Millions of nautiloid fossils prove rapid Grand Canyon limestone formation
Remember the Nautiloids: In the Grand Canyon there is a limestone layer that challenges the textbook explanation of super-slow limestone formation (e.g., the NPS indicates that it took up to 35 million years for Big Bend limestone to form, and a geologist on a popular site says it took about a million years for each 18 feet at the Grand Canyon). Beginning in the east at seven feet thick, it thickens to about 40 feet as it runs the 277 miles of the canyon and beyond into to Las Vegas, Nevada. This layer contains tens of millions of fossils with an average of one nautiloid fossil per four square meters, with nearly one in seven fossilized standing vertically! Famed Mount St. Helens geologist Steve Austin is also one of the world's two leading experts on nautiloid fossils, and has worked in the canyon for years and presented his findings to the park rangers at the invitation of National Park Service officials.
With a Ph.D. in sedimentary geology from Penn State, Dr. Austin points out, as is true of many of the world's mass fossil graveyards, that this enormous nautiloid deposition, which covers more than 5,000 square miles, provides indisputable proof of the rapid formation of this significant layer of the canyon. Contrast that to the now outdated textbook explanation which has claimed that such massive limestone layers form extremely slowly as grain by grain settles to the bottom of a shallow and placid sea. But a million upright nautiloids beg to differ.
Many of these organisms were longer than your forearm. As seen in the canyon's walls and beyond, millions of nautiloids that were buried in an extremely rapid mass kill as this limestone layer formed. This particular bed, made up of the persistent bottom (basal) layer of the 500-foot thick Redwall Limestone, is exposed throughout the canyon. (Dr. Austin reports that he has even documented nautiloid fossils as far as Lake Mead Boulevard in Las Vegas where the Redwall Limestone is exposed.) Along with many other dead creatures in this narrow layer, 15% of these nautiloids were killed and then fossilized upright. Yes, vertically. They were catastrophically buried, being caught in a hyperconcentrated flow, such that gravity was not able to cause all of their dead carcasses to fall over onto their sides.
Even a strongly-biased old-earth geologist should be able to agree that, if these fossils exist, as Dr. Austin and others have been documenting them, then this must be considered hard evidence of rapid limestone deposition for this layer. However, from our experience at Real Science Radio, paleontologists, geologists, atheists, Darwinists, and even the anti-Darwinists in the Intelligent Design movement, generally have a very hard time acknowledging such powerful evidence and such obvious conclusions. Why would this be? Because that limestone layers as at the Grand Canyon only form slowly is a claim that is too big to fail.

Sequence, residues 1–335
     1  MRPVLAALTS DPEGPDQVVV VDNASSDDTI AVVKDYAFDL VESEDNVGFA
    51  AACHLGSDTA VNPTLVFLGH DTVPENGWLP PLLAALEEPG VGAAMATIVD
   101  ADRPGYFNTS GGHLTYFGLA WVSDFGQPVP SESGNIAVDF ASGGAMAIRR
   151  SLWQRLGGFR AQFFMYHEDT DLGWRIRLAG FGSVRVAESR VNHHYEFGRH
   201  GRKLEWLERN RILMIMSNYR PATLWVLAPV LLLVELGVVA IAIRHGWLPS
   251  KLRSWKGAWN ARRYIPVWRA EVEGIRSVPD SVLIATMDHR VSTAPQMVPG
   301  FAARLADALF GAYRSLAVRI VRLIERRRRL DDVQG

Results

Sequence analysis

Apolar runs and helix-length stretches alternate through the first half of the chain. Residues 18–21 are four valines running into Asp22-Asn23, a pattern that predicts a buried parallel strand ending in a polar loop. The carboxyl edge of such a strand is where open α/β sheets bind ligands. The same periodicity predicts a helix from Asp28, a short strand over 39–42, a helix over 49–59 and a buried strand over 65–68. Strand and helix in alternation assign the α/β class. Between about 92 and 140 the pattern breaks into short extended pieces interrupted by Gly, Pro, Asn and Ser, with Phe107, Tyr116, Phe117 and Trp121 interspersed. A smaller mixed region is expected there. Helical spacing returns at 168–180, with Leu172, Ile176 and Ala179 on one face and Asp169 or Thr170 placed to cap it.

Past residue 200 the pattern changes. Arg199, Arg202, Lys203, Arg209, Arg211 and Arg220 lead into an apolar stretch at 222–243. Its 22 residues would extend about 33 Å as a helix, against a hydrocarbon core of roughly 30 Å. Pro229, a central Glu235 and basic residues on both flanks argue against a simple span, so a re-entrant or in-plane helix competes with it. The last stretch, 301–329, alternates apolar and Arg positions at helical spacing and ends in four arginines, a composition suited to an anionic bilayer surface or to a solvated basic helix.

For more information, see geologist Steven Austin's video at Real Science Radio's Nautiloids in Grand Canyon Limestone, see this nautiloid information in a RSR debate with popular atheist AronRa at England's League of Reason. Finally, see the Geological Society of America abstract, the Canyon-Length Mass Kill of Orthocone, Nautiloids, Redwall Limestone (Mississippian), Grand Canyon, Arizona. This states, "Large fossil orthocone nautiloids are amassed within a thin but extremely persistent bed in the basal member of the Redwall Limestone throughout the length of the Grand Canyon. ... Fossil density... within Marble Canyon is greater than one orthocone nautiloid per four square meters. Similar nautiloid density is seen on ledges along Havasu Creek in central Grand Canyon and at a cliff face... in western Grand Canyon. ... A gigantic population of orthocone nautiloids was overcome by a a canyon-length event impacting an area exceeding one thousand square kilometers." (See also rsr.org/list-of-not-so-old-things.)
Here's the Point: Most scientists default to claiming super-slow deep-time processes when trying to explain many features of nature. But more careful observation though often shows hard scientific evidence that falsifies the claimed million-year process. So, while evolutionists everywhere insist otherwise, the catastrophic burial of nautiloids in a widespread limestone deposit at the Grand Canyon proves that layer formed rapidly. And unless we refuse to learn this big lesson from history, we should now challenge similar slow-process claims elsewhere.